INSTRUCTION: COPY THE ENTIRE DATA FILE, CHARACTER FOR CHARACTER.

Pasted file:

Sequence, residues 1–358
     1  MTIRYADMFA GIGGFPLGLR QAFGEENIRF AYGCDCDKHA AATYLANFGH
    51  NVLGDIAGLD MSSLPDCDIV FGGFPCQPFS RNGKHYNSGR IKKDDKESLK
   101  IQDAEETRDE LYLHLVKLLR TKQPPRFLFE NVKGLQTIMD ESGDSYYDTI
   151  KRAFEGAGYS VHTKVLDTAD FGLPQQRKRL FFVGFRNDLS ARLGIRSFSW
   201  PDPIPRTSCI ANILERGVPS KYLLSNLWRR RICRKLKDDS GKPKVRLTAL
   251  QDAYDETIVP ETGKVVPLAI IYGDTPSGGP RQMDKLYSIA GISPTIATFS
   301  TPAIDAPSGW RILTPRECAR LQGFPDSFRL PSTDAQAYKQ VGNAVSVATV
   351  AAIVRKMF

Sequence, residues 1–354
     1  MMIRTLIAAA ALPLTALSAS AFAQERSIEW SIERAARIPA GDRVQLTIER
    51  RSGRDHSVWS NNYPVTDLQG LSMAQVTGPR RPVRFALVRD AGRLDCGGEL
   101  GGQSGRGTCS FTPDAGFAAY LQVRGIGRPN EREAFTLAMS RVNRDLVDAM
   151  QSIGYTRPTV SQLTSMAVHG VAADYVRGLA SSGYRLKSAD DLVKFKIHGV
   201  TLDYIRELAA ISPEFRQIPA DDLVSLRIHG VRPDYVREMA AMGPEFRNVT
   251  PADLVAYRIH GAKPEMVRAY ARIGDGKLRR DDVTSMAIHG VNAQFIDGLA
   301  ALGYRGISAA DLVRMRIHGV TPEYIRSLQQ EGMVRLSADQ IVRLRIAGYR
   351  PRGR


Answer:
Sequence, residues 1–358
     1  MTIRYADMFA GIGGFPLGLR QAFGEENIRF AYGCDCDKHA AATYLANFGH
    51  NVLGDIAGLD MSSLPDCDIV FGGFPCQPFS RNGKHYNSGR IKKDDKESLK
   101  IQDAEETRDE LYLHLVKLLR TKQPPRFLFE NVKGLQTIMD ESGDSYYDTI
   151  KRAFEGAGYS VHTKVLDTAD FGLPQQRKRL FFVGFRNDLS ARLGIRSFSW
   201  PDPIPRTSCI ANILERGVPS KYLLSNLWRR RICRKLKDDS GKPKVRLTAL
   251  QDAYDETIVP ETGKVVPLAI IYGDTPSGGP RQMDKLYSIA GISPTIATFS
   301  TPAIDAPSGW RILTPRECAR LQGFPDSFRL PSTDAQAYKQ VGNAVSVATV
   351  AAIVRKMF

Sequence, residues 1–354
     1  MMIRTLIAAA ALPLTALSAS AFAQERSIEW SIERAARIPA GDRVQLTIER
    51  RSGRDHSVWS NNYPVTDLQG LSMAQVTGPR RPVRFALVRD AGRLDCGGEL
   101  GGQSGRGTCS FTPDAGFAAY LQVRGIGRPN EREAFTLAMS RVNRDLVDAM
   151  QSIGYTRPTV SQLTSMAVHG VAADYVRGLA SSGYRLKSAD DLVKFKIHGV
   201  TLDYIRELAA ISPEFRQIPA DDLVSLRIHG VRPDYVREMA AMGPEFRNVT
   251  PADLVAYRIH GAKPEMVRAY ARIGDGKLRR DDVTSMAIHG VNAQFIDGLA
   301  ALGYRGISAA DLVRMRIHGV TPEYIRSLQQ EGMVRLSADQ IVRLRIAGYR
   351  PRGR